Williams, who took over the boys program this school year, also, and will have coached 131 basketball games combined at every level for both boys and girls through the district tournament, reminds his players that there is a bigger picture to be aware of.

"I know we all fall short and make mistakes, on and off the court," Williams said. "And we are always trying to and want to win. But as a coach, what I really want our players to understand when it's all said and done is that our identity is not in basketball or the wins and the losses. Our identity is in Christ, and that is who we are striving to represent each day as people and a program."

Below are some of the girls' ideas on the success, trials and future of the team.


River Watkins, guard

"This has been our life for six years," Watkins said. "I think we put in a lot of work that other teams don't, and that's led to our success. Our coaches teach us things about life and basketball.

"We got a taste of success our sophomore year—we made it back to state after 28 years—and ever since then we've wanted to win."


Whitney McMurry, guard

"We have to put in work every day, and we make sure we give God all the glory," McMurry said about the success of the program. "We work as a team to overcome all the obstacles we have to face.

"I make sure I'm putting in hard work everyday, and I want to make sure my teammates are doing the same thing. When my teammates are doing OK, it helps me think that I'm OK. We have to work together to make sure that we're all prepared."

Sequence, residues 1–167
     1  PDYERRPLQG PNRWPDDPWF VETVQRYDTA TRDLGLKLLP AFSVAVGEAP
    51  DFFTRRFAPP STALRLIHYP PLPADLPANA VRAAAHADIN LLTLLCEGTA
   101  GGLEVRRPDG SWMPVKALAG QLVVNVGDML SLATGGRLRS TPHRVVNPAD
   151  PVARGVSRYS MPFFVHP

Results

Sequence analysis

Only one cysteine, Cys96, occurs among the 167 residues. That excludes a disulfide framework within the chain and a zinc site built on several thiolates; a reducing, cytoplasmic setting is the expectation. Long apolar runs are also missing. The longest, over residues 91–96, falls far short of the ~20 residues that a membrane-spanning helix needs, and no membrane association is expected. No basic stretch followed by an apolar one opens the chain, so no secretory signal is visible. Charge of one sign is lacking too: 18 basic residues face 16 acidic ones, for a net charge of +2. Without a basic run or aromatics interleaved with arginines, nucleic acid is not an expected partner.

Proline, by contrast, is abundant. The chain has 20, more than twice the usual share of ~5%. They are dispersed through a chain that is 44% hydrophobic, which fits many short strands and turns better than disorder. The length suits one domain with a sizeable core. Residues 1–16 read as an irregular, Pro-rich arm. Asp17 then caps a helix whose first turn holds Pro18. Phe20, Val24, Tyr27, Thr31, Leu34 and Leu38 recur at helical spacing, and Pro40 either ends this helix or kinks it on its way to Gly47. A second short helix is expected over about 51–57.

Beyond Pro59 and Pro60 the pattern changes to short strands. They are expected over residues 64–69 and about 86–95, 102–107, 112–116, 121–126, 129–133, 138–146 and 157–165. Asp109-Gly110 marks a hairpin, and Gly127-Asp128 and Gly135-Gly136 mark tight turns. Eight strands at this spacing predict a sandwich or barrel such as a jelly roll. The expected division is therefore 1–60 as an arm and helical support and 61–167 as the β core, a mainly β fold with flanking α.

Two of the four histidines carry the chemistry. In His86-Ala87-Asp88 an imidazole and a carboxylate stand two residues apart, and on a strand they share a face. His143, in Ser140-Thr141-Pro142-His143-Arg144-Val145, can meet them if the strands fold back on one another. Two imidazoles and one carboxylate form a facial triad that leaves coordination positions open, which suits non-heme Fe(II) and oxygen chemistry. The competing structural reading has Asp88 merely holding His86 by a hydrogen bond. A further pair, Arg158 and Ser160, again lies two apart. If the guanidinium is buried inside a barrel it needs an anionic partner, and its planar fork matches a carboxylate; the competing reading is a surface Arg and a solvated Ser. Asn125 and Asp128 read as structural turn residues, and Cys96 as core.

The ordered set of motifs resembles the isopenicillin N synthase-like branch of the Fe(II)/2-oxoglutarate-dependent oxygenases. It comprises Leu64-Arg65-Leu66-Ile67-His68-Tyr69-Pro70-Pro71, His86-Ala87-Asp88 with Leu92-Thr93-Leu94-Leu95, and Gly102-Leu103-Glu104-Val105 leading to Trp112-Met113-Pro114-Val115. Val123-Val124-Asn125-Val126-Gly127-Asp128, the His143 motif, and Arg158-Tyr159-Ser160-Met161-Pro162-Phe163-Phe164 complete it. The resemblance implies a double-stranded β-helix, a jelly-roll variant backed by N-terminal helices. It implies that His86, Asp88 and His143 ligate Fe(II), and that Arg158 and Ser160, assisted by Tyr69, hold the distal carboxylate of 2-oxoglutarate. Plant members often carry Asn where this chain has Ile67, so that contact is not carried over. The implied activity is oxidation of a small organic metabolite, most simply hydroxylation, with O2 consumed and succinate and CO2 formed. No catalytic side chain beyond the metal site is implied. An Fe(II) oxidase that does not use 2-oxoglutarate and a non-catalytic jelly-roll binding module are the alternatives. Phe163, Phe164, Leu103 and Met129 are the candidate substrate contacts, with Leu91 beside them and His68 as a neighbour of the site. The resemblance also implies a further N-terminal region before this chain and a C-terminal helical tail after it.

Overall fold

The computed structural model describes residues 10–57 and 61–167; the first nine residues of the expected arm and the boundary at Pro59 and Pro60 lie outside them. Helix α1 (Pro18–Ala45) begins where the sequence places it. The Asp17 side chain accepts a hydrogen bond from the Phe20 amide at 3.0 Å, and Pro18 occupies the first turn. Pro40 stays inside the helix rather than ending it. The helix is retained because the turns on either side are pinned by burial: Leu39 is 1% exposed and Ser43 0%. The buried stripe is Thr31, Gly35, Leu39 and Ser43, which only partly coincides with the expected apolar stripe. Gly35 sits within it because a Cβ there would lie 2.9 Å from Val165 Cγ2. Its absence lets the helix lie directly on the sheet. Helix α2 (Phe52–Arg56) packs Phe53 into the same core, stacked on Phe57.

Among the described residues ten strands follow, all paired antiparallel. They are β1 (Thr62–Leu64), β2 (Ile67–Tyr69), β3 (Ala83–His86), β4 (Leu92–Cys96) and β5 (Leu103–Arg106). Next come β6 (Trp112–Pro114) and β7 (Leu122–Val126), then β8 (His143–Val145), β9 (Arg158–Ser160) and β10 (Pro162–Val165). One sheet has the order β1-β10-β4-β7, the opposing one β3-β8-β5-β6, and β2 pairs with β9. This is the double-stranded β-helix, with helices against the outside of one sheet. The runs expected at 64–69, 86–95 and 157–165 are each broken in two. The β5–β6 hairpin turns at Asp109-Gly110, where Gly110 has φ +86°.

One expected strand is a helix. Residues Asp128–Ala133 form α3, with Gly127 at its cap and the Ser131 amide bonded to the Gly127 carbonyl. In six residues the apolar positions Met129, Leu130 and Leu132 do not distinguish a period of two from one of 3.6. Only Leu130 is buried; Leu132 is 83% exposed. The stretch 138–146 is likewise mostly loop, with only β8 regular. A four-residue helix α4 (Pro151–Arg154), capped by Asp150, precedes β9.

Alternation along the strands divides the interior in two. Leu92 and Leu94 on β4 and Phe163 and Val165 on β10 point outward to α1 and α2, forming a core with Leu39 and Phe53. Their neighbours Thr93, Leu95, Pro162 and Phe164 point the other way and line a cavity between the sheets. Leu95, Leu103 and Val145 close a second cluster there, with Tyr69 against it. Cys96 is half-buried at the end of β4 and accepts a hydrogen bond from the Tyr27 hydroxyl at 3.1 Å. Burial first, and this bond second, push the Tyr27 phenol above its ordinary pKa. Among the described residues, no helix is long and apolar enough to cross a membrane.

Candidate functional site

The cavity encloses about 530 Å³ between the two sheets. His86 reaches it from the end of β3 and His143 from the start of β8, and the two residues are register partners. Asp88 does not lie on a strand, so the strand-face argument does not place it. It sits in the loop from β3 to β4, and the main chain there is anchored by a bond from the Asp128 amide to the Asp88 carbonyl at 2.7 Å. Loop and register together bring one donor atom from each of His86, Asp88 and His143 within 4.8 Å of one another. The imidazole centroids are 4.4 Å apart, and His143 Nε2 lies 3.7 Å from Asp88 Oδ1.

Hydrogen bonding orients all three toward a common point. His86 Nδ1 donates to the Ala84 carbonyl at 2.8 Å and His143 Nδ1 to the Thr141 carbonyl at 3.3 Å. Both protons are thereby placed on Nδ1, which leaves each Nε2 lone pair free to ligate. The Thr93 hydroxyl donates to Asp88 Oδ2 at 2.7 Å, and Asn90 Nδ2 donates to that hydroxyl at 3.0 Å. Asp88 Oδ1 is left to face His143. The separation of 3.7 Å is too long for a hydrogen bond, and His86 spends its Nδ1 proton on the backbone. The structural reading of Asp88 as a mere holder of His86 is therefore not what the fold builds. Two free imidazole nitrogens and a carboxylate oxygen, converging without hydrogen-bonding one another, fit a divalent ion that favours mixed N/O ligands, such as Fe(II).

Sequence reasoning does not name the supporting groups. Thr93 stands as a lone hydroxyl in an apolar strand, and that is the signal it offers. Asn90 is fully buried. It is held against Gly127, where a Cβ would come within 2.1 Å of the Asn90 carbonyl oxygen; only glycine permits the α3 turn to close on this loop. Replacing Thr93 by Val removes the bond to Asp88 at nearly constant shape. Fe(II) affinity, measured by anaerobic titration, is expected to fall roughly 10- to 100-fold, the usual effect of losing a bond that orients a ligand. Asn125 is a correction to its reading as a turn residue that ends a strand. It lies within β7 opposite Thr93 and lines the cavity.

Laykin Smallwood, forward

"Whenever Crysta went down, we were all devastated; I love Crysta, we all love Crysta," Smallwood said. "She let us know that she had to have surgery. We all prayed for her, and we prayed that we would be OK and come together as a team.

"We have a lot of good players coming up, a lot of tough players who are still growing. They're getting faster and stronger everyday. We practice with them everyday, and they're sweet kids. They work hard and are very unselfish. I feel like the program is going to be OK after we graduate."


Crysta Larey, guard

"At the start of the year, we weren't as motivated and dedicated, but after going through all the hardships that we have, it's given us more of a drive to do better, work harder and push themselves.

"The past two years we've made it to state but lost the first round. We all want to get over that hump and make it to at least the second round of state."


Alyssa Caudle, guard

"We always work hard," Caudle said about the key to the team's success. "I came from a school that wasn't really about basketball. When I got here it was a little overwhelming with everything we had, as far as the plays and techniques we were taught, but I've never seen a group of kids work that hard. We eat, sleep and breath basketball 24/7.

"This year we don't have as many girls, and so everybody had to step up and take on different roles. I think our defense will be key (to making a run in the playoffs), we stick together and everyone just play hard."


Taylor Hardin, guard

"This team is my family; we hardly ever disagree and take up for each other," Hardin said. "It's more of a family than a team. A lot of it (overcoming the adversity) is that we want to play for each other. None of us like to lose, and we use these obstacles as motivation to work harder and play hard.

"In the future, the girls will have to just keep working. The younger girls will have to live in the gym and do all the shots we had to do to get to where we're at now."